February 4, 2023

According to groundbreaking new research, professional soccer players are more likely to have poorer brain health after turning 65 compared to the general population.

The study, which compared 75 former male professional footballers, including former Norwich players Iwan Roberts and Jeremy Goss and Crystal Palace striker Mark Bright, with non-footballers found that footballers’ brain health tended to be better when they played in the were forty.

At age 65, however, they performed worse when assessed on tests for reaction time, executive function and spatial navigation, which is when the effects of repeatedly heading soccer balls seem to have more of an impact on the brain.

Lead researcher and sports concussion expert Dr Michael Gray, from the University of East Anglia’s School of Health Sciences, said: “We know that heading the ball is associated with an increased risk of dementia in professional footballers. But until now, little was known about when players start to show signs of brain health decline.

“We use advanced technology to test for early signs of cognitive dysfunction that are recognizable long before memory problems or other noticeable symptoms become apparent. This is the first time this kind of research has been done and these are the first results as we monitor the brain health of our participants over the next few years.”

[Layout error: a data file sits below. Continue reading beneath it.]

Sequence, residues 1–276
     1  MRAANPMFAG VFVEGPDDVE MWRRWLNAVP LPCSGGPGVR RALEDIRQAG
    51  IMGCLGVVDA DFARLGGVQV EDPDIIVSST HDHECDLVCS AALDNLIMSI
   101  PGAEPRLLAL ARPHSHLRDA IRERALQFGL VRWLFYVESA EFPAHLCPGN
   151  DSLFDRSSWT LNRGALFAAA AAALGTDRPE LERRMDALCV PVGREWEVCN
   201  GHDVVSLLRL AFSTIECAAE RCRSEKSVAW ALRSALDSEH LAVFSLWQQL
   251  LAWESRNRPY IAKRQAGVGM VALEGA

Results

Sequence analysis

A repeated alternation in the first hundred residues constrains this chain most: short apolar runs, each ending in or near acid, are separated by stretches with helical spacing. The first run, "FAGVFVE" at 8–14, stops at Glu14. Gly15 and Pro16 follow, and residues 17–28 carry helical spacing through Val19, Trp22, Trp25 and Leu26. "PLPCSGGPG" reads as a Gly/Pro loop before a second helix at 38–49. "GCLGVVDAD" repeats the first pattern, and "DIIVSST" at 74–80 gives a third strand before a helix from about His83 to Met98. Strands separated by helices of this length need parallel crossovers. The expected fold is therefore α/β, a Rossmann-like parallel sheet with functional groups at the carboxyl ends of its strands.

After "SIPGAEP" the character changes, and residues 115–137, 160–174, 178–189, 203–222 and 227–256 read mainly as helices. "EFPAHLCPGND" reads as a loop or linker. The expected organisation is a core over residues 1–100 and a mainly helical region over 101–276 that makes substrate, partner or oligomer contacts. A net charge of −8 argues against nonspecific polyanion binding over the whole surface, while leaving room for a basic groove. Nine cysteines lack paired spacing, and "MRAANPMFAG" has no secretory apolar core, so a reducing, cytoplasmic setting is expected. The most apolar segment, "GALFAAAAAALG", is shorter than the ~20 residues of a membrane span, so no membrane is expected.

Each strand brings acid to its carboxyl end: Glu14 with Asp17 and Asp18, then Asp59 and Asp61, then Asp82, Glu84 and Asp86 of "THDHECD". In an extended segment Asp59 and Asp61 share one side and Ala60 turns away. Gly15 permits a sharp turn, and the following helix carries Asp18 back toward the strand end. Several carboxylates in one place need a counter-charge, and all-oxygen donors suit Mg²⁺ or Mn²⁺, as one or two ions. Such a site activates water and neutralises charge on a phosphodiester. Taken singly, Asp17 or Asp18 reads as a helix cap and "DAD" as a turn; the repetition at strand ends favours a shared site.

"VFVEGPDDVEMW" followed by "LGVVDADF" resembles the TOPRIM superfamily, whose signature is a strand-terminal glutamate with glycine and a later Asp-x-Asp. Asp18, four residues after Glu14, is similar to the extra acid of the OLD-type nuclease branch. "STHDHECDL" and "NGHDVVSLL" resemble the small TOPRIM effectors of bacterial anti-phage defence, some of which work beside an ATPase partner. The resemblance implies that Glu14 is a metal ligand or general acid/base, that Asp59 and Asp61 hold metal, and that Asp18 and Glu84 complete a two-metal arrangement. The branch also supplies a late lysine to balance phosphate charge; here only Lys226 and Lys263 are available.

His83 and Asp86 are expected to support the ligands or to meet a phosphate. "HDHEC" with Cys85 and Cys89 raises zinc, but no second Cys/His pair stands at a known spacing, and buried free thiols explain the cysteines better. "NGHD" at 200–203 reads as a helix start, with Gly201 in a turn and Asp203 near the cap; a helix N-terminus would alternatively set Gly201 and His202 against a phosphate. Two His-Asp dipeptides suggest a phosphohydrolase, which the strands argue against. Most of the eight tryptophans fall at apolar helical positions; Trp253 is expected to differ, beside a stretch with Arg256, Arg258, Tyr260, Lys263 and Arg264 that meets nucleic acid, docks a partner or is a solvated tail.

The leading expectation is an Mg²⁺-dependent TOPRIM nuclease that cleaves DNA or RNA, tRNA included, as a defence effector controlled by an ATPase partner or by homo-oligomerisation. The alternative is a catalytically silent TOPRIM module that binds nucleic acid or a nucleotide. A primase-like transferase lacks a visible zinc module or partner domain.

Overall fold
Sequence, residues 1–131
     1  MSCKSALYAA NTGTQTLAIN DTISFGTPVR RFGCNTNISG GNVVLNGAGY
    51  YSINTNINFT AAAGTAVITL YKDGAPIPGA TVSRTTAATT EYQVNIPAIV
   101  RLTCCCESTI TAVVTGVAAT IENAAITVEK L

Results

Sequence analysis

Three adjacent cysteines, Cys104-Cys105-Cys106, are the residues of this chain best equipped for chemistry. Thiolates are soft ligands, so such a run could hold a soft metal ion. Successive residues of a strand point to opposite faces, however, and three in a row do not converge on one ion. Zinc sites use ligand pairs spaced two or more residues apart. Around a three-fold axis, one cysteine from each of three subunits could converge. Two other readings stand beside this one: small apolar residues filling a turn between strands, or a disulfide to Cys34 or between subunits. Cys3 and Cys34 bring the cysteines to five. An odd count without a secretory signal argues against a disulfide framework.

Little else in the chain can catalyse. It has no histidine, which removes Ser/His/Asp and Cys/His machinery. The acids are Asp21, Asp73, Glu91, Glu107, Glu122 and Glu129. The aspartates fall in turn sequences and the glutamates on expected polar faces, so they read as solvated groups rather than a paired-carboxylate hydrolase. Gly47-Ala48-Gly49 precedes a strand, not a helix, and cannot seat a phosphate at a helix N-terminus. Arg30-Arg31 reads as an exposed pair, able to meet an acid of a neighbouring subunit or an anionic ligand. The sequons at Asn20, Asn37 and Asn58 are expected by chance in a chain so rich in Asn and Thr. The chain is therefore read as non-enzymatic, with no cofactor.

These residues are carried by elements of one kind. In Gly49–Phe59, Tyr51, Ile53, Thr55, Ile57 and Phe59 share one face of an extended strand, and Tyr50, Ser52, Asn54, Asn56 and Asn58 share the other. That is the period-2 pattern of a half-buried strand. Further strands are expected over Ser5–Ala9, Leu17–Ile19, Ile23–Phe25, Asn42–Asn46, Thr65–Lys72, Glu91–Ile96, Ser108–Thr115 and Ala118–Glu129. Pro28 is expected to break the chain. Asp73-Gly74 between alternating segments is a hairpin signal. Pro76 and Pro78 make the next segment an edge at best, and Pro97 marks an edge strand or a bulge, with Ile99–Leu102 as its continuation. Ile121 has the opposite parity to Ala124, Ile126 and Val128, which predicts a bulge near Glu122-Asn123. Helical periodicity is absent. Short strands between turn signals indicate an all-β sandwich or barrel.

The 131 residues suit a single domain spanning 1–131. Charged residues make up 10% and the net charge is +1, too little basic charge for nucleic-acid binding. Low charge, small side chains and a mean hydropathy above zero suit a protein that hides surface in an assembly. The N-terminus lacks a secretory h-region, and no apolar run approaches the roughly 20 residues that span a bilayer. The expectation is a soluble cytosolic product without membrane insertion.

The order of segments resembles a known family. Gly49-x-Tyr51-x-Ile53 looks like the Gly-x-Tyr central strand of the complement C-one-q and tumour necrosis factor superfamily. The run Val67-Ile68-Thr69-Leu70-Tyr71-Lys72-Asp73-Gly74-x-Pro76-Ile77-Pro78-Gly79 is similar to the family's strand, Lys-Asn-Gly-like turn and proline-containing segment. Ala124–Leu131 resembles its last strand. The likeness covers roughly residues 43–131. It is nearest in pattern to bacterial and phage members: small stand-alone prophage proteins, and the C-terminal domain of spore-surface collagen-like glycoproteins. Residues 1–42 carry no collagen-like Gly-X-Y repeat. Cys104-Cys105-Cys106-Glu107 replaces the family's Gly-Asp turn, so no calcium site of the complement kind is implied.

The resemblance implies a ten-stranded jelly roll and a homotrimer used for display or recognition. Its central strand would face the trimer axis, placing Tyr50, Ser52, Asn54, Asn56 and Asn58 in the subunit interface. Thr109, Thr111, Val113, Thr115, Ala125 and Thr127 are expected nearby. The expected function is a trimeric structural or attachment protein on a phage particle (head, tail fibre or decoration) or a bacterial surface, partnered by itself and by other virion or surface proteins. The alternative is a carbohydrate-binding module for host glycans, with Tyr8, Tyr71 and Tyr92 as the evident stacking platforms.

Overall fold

In 2019, a landmark study by Prof. Willie Stewart and researchers from the University of Glasgow found that former professional footballers were three and a half times more likely to die of dementia than the general population. However, it was based on death certificates in Scotland, while this new study tracks brain changes in living people.

Dr. Gray said: “In the 40 to 50 age group, the footballers perform slightly better than the normal group. But when they reach 65, things start to go wrong.

“This shows us that the exercise associated with playing soccer is good for the brain, but the negative effects of contact sports start to show up later in life.”

Dr. Gray said the project began after conversations with Dawn Astle, who lost her father, Jeff, to accumulated brain trauma. “She said to me, ‘Professor Stewart’s results are shocking, but nobody looks at people who are still alive,'” Gray said. “And that’s where the study was born.”

He wants to expand his research to investigate the effects of contact sports on the brain health of women and amateur and recreational athletes and is calling for volunteers to join his Scores [screening cognitive outcomes after repetitive head impact exposure in sport] project.

“We know that when the head comes into contact with another object, such as a ball or fist, and the brain wobbles in the skull, damage is done,” he said. “We call it subconcussive damage. It does not cause concussion, but there is damage to the underlying structures in the brain.”

“And what we know is that during a career where we do this, especially for professional men, this damage results in some degree of neurodegeneration. It is therefore very important that we monitor the brain health of people who participate in sports.”

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